Impact Factor 3.902

The world's most-cited Neurosciences journals

Opinion ARTICLE

Front. Mol. Neurosci., 05 July 2013 | https://doi.org/10.3389/fnmol.2013.00016

Inborn mechanisms of food preference and avoidance: the role of polymorphisms in neuromodulatory systems

  • School of Psychology, University of Queensland, Brisbane, QLD, Australia

In a recent issue of Current Biology, Ventura and Worobey (2013) reviewed the literature about the variables which affect the development of food preferences across the lifespan.

Among the numerous factors discussed by the authors the genetic influence seems to cover a key role.

The review addressed this aspect by discussing the growing research about the genetic factors which are responsible of the individual differences in perceiving flavors. For example, the authors reported that the TAS2R38 gene polymorphism is predictive of the level of bitterness (strong, moderate, or absent) perceived when tasting some particular compound (i.e., the phenylthiocarbamide and propylthiouracil—Bufe et al., 2005).

These references, however, do not clarify which factors might influence the subjective dislike and/or preference associated to a specific compound. In fact, although bitterness may reduce the food consumption in both of adult and children (Bell and Tepper, 2006; Dinehart et al., 2006), there is no direct relationship between bitterness and food dislike. The same authors observe that data for an association between bitter sensitivity and preferences remain equivocal, as the literature provides contrasting results (e.g., Keller et al., 2002; Dinehart et al., 2006; Jerzsa-Latta et al., 1990; Anliker et al., 1991) about the relationship between the sensitivity for bitter flavor and preferences for the consumption bitter foods.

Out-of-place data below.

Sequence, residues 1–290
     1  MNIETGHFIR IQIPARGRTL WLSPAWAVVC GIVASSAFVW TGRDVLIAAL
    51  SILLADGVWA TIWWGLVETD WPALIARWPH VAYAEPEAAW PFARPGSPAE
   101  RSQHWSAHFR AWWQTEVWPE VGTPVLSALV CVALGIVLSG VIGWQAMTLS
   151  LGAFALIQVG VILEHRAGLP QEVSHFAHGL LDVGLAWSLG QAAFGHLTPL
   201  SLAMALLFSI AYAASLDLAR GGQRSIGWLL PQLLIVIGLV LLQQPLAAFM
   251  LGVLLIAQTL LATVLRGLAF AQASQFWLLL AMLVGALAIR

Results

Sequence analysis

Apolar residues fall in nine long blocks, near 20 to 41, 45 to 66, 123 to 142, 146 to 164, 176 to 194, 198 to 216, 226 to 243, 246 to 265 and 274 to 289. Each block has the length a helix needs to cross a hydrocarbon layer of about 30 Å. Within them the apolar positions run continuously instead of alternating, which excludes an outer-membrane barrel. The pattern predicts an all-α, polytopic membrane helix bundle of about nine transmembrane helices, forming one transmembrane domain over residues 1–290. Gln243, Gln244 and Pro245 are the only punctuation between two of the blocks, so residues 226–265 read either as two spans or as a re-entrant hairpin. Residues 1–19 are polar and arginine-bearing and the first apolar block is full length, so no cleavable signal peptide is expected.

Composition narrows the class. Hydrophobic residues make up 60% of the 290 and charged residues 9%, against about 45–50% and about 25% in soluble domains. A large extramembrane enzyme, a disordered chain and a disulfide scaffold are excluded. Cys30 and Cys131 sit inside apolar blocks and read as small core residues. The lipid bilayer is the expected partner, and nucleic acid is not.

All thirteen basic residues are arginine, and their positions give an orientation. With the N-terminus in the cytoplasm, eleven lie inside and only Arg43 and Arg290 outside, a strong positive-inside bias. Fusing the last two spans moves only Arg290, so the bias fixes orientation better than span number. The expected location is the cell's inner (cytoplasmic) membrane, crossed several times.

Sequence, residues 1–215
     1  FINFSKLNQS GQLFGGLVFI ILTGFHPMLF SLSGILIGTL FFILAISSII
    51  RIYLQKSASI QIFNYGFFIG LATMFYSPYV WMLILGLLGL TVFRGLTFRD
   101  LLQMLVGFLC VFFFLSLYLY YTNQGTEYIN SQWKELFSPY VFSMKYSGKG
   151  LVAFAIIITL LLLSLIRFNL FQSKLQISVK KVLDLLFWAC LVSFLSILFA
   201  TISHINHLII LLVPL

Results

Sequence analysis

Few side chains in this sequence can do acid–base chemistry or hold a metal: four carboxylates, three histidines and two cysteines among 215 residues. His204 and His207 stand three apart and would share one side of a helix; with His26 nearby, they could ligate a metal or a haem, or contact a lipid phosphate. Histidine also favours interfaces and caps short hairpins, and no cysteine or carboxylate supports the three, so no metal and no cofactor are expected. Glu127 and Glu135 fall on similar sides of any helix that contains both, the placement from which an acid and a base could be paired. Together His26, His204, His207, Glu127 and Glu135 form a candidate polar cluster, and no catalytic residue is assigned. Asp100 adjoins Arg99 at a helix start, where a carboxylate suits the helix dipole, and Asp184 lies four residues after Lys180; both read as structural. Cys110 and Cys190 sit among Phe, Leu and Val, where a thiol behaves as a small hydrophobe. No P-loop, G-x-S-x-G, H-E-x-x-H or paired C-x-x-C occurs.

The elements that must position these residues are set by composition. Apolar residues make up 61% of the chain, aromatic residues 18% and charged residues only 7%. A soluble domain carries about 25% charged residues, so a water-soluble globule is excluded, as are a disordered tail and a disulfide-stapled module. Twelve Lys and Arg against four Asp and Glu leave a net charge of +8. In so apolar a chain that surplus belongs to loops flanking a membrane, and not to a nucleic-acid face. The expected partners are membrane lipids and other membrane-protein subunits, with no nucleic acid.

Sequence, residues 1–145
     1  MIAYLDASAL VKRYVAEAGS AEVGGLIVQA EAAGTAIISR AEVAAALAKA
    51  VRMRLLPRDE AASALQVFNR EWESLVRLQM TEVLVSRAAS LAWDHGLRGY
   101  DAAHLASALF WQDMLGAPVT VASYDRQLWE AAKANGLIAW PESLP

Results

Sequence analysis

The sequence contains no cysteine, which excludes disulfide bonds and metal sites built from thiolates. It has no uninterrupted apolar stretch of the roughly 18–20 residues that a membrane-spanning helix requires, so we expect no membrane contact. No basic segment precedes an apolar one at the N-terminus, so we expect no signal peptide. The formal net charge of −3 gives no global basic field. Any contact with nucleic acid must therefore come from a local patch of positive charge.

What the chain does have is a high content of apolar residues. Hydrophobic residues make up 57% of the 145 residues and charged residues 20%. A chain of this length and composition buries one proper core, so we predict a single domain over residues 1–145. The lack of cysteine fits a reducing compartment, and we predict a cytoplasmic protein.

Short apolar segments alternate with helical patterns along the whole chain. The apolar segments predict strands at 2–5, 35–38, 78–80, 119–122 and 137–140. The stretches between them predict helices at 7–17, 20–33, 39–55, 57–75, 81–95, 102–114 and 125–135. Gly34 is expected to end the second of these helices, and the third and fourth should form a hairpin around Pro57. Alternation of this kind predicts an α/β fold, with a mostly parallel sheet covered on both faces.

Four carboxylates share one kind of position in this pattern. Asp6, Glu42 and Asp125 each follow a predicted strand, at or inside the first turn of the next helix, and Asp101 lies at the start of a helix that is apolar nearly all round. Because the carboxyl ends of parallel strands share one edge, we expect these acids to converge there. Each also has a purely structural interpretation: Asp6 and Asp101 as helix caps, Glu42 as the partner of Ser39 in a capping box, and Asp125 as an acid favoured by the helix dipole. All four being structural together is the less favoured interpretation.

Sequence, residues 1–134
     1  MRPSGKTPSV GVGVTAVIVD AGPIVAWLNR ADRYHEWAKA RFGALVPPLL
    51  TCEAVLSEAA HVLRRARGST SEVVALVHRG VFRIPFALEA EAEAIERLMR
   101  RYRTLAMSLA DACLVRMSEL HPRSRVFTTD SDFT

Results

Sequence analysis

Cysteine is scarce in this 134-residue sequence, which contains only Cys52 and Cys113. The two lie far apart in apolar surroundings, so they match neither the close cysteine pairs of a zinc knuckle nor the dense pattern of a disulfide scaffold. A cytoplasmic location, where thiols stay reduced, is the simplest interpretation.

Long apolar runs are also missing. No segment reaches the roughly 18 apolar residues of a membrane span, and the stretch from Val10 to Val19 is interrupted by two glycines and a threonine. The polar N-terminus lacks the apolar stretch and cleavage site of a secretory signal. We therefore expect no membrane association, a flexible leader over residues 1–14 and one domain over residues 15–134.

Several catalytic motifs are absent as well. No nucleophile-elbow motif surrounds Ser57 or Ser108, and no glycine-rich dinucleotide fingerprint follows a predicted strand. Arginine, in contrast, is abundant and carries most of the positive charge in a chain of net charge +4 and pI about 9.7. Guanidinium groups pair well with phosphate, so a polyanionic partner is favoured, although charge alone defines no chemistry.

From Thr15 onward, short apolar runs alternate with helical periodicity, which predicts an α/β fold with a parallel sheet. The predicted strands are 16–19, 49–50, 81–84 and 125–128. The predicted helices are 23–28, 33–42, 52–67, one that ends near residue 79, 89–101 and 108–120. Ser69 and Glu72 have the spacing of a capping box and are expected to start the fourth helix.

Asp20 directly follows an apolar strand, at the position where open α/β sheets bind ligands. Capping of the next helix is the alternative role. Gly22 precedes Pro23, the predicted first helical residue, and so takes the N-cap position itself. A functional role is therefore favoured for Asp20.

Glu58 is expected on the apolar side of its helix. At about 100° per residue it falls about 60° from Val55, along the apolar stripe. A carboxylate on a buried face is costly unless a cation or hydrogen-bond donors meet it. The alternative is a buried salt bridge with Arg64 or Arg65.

Therefore, what Ventura and Worobey (2013) discussed is how the polymorphism of some genes might be predictive of the intensity in perceiving a taste (i.e., bitterness), though there is no mention of the genes involved in the encoding of the hedonic/disliking experience in feeding specific compounds.

Nevertheless, other genetic variables, which affect the disgust sensitivity, the perceived palatability of food, and the motivational state in feeding, might synergistically contribute in influencing the process of taste perception and preference. In particular, one might refer to the genetic mechanisms involved in the expression of neuromodulators such as the dopamine, serotonin, and opioids.

Dopamine and serotonin seem principally implicated in the regulation of incentive/motivational states of feeding (food “waiting”). The opioids have a role in the regulation of mechanisms of the hedonic impact (food “liking”), although they are able to modulate the “waiting” processes as well (Cools et al., 2011). Some recent work suggested that both “waiting” and “liking” might critically contribute in taste perception and preference (Peciña and Smith, 2010).

The research on people affected by eating disorders such as Anorexia Nervosa (AN) and hyperphagia, which are characterized by two antithetic feeding behaviors, provide important evidence in support of the neuromodulator hypothesis.

The core of the AN disorder is characterized by a marked disgust sensitivity for food and the human body (Troop et al., 2000; Harvey et al., 2002). Dopaminergic alterations, particularly in striatal circuits, seem to be responsible of a deranged reward and decreased food ingestion in this clinical population (Kaye et al., 2009). The reduced food ingestion of AN has been associated even to an increased serotonin 5-HT neurotransmission (Steiger, 2004).

From a genetic point of view, there is evidence that the expression of the D2 dopamine receptor might play a role in the feeding behavior of AN. Bulik et al. (2005) have shown that genetically transmitted variation in the expression of the D2 dopamine receptor, mediated by functional polymorphisms affecting its transcription and translation efficiency, may make people vulnerable to AN conducts.